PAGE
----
While people often express concerns about “getting shot” if they trespass on a claim, this is a bit of an exaggeration. Maybe that sort of stuff happened during the gold rush, but I’ve never heard of it happening. Still, it is your responsibility to make sure you aren’t on someone else claim before you start prospecting. They are generally posted, but not always.
I’ve written about mining claims quite a bit already. Read these articles to get some more information on the subject:
How to Stake a Mining Claim on Federal Land in 8 Simple Steps
The 4 Things to Know BEFORE you Buy a Mining Claim
Also worth mentioning… You Don’t Need a Mining Claim to Find Gold. So many people think they need to buy a claim before they start mining. That is totally the wrong way to go about it. You need to actually find some gold before you even think about staking a gold claim.
As the saying goes, don’t put the cart before the horse.
What Kind of Gear do I Need?
The great thing about prospecting is that you don’t need to invest thousands of dollars to get started. All you need is to get yourself a decent gold pan and a few more very basic items and you are well on your way.
If you are in an area that doesn’t have much water, then a metal detector might be best. I love metal detecting and it is a great way to prospect on public land because you can wander around exploring and cover lots of ground. If you are lucky you might even stumble across a big gold nugget like this lucky guy!
The Best Places Start Exploring
As mentioned earlier, most of the public lands in the U.S. are managed by either the Forest Service or the Bureau of Land Management.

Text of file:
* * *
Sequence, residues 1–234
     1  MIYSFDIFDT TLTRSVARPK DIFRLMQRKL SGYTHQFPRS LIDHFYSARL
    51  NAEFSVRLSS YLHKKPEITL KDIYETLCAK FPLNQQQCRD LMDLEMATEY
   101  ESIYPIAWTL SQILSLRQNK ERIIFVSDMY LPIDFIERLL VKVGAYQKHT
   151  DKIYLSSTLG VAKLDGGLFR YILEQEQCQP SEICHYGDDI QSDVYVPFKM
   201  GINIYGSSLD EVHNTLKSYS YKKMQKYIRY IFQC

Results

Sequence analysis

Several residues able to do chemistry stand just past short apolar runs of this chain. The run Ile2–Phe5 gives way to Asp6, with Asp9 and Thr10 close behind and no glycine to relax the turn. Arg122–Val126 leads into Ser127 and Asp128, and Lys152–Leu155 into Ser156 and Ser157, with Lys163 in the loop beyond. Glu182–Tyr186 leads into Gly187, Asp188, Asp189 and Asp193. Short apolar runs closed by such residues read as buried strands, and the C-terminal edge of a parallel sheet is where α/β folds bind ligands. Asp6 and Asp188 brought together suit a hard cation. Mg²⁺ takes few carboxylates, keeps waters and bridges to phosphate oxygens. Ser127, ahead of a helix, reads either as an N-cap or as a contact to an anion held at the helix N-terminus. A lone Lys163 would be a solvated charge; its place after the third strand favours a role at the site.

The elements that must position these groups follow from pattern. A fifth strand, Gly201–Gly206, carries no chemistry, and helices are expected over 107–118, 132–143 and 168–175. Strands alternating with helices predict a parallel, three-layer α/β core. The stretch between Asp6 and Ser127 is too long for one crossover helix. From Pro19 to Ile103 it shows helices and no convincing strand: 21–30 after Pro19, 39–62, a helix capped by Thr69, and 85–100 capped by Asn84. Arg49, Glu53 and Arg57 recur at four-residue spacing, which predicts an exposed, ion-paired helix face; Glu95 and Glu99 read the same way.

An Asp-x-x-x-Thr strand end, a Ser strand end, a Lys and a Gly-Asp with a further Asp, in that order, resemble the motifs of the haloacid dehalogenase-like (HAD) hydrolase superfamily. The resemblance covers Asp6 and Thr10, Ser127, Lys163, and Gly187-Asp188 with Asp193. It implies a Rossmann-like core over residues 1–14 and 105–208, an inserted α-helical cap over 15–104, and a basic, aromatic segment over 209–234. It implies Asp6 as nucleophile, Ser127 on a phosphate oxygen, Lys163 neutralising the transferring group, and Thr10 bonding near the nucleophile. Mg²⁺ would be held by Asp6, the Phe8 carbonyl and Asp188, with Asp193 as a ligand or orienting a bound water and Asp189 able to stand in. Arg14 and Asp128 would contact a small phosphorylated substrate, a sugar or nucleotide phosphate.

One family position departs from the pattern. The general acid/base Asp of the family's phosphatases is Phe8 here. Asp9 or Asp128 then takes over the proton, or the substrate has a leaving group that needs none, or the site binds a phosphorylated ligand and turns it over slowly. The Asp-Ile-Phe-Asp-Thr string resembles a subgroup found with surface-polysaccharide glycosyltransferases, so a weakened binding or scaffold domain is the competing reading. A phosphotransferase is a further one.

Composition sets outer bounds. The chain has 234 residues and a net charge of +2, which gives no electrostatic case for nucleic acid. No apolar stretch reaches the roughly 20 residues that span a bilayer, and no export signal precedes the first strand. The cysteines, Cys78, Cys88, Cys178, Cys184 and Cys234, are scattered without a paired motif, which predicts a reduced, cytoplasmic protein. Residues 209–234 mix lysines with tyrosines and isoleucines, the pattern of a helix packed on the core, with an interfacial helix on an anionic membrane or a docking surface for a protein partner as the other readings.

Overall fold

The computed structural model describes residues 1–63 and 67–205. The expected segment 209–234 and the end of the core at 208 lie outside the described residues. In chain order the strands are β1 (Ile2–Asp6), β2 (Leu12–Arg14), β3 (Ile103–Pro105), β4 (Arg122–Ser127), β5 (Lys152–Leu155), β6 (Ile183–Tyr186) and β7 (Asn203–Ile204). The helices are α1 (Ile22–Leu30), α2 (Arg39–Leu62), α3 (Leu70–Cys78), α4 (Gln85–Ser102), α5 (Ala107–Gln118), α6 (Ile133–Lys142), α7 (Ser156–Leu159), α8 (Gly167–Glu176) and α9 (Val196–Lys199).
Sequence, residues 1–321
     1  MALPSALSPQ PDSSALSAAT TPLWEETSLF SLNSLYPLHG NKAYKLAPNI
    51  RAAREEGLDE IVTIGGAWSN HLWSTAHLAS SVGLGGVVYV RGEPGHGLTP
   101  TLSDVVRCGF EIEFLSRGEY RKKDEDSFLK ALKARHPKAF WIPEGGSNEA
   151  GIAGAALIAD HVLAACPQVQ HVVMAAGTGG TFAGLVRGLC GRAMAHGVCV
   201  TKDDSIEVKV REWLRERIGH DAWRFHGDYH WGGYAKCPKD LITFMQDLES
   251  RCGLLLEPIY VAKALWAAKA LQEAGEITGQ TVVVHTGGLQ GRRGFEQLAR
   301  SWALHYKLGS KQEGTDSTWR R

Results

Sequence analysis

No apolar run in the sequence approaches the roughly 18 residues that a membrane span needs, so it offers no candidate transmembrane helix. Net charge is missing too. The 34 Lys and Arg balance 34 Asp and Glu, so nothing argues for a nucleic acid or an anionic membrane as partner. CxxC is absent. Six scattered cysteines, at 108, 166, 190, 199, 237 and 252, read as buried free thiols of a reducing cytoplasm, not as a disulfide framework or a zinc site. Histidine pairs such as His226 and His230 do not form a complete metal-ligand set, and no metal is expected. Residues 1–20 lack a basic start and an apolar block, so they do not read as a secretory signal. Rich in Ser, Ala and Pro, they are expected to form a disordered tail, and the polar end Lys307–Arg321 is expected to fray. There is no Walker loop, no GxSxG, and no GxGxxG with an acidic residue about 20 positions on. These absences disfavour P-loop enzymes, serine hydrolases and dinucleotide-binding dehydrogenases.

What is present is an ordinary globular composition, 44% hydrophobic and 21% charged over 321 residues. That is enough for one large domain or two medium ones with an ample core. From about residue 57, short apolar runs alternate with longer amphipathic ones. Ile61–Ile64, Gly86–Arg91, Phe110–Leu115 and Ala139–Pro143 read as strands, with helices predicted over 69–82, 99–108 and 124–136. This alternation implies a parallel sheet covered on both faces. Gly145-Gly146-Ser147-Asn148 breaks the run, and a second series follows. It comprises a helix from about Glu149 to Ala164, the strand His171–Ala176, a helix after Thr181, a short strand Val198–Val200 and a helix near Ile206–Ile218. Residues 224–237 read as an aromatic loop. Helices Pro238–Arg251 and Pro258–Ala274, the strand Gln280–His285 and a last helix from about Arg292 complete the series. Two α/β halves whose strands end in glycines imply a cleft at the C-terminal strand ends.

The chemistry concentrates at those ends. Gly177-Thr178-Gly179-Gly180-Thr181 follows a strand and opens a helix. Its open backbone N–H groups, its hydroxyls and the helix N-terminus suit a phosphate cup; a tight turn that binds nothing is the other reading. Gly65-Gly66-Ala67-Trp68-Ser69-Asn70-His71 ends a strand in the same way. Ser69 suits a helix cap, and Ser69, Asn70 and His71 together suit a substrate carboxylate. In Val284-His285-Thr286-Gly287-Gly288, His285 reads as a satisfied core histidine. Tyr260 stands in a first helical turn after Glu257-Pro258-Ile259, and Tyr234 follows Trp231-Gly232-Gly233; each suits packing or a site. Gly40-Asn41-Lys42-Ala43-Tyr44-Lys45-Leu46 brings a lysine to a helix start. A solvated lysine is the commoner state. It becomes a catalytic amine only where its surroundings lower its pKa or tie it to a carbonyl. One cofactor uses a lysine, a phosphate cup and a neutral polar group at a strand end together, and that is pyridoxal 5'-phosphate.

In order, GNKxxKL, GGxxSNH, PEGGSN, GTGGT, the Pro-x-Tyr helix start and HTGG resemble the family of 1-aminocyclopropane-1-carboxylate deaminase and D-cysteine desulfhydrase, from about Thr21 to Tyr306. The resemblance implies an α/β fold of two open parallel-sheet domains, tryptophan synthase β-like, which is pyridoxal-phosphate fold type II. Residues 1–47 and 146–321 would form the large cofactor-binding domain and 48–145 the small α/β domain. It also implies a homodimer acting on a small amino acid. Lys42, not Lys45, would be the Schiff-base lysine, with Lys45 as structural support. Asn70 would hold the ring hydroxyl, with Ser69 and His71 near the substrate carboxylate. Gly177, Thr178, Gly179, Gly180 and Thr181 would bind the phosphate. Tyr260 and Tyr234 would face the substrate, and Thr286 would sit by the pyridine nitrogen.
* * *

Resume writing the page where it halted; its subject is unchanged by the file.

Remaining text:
We may be too late for the Gold Rush, but the nice thing about prospecting today is that most of the richest mining areas are well-documented. With a bit of research it isn’t hard to find a rich mining area.
Click on the state that you want to explore using this map below. This provides some good information to help get you started on your hunt for gold.
Just like any other endeavor, I would encourage you to keep a positive attitude when it comes to gold prospecting.
I’ll tell you something that I have experienced as I have met successful prospectors over the years. The once who consistently find gold aren’t complaining about there challenges or struggles. They are out there getting gold! They don’t have any advantages that you or I don’t have, they simply go out there and get it done!
In contrast, go to your local gold club meeting and I guarantee that there will be a group of guys there complaining.
Now I’m not saying that their complains aren’t well founded. In fact, regulation and agency overreach are something that most certainly limit serious mining activity in this country today. There are certainly challenges like the suction dredging ban in California that have seriously impacted miners ability to find gold.
But at some point you need to do what you can do. If I’m being honest, I don’t think these guys lack of success have much to do with regulations, because at the same time there are others out there who are getting it done!
The public lands in the United States still provide an amazing opportunity for gold prospecting. I encourage you to research and locate areas that you can go find some gold.
It’s still out there!
Next: Explore these 19 Mining Areas with Big Gold Nuggets